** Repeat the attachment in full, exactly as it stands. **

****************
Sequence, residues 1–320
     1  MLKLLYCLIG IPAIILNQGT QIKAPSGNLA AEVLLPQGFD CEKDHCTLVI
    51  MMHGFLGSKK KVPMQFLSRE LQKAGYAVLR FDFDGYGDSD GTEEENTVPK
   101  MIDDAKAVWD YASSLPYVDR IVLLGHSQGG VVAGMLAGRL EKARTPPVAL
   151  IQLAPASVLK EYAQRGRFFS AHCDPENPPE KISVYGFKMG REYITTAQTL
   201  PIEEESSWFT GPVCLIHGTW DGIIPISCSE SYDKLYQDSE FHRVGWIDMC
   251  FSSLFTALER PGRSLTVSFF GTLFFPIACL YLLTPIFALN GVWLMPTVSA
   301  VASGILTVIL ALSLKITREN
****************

Sequence, residues 1–320
     1  MLKLLYCLIG IPAIILNQGT QIKAPSGNLA AEVLLPQGFD CEKDHCTLVI
    51  MMHGFLGSKK KVPMQFLSRE LQKAGYAVLR FDFDGYGDSD GTEEENTVPK
   101  MIDDAKAVWD YASSLPYVDR IVLLGHSQGG VVAGMLAGRL EKARTPPVAL
   151  IQLAPASVLK EYAQRGRFFS AHCDPENPPE KISVYGFKMG REYITTAQTL
   201  PIEEESSWFT GPVCLIHGTW DGIIPISCSE SYDKLYQDSE FHRVGWIDMC
   251  FSSLFTALER PGRSLTVSFF GTLFFPIACL YLLTPIFALN GVWLMPTVSA
   301  VASGILTVIL ALSLKITREN